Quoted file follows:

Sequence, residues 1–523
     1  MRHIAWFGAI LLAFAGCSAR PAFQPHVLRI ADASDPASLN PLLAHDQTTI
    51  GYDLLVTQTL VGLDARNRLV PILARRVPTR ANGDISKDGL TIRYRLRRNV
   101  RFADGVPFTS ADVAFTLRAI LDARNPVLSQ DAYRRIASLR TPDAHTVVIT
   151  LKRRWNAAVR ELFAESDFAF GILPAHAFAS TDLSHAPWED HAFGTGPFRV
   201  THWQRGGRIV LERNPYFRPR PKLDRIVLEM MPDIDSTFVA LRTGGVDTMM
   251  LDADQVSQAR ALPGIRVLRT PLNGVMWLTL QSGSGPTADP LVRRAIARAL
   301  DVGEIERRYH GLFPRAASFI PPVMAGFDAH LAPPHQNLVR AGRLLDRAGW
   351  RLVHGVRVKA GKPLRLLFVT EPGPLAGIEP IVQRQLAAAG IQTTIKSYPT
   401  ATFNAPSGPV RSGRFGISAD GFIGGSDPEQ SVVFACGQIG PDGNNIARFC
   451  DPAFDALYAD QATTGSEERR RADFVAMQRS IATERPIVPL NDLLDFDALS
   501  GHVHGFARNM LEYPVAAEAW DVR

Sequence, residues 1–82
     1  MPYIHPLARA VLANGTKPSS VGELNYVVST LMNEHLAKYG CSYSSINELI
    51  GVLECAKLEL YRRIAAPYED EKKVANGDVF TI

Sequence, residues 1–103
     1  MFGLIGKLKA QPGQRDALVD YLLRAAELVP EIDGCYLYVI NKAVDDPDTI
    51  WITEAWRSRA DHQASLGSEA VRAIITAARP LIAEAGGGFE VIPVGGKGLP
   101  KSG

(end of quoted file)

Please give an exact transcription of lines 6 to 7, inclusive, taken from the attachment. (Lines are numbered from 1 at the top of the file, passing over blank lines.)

   201  THWQRGGRIV LERNPYFRPR PKLDRIVLEM MPDIDSTFVA LRTGGVDTMM
   251  LDADQVSQAR ALPGIRVLRT PLNGVMWLTL QSGSGPTADP LVRRAIARAL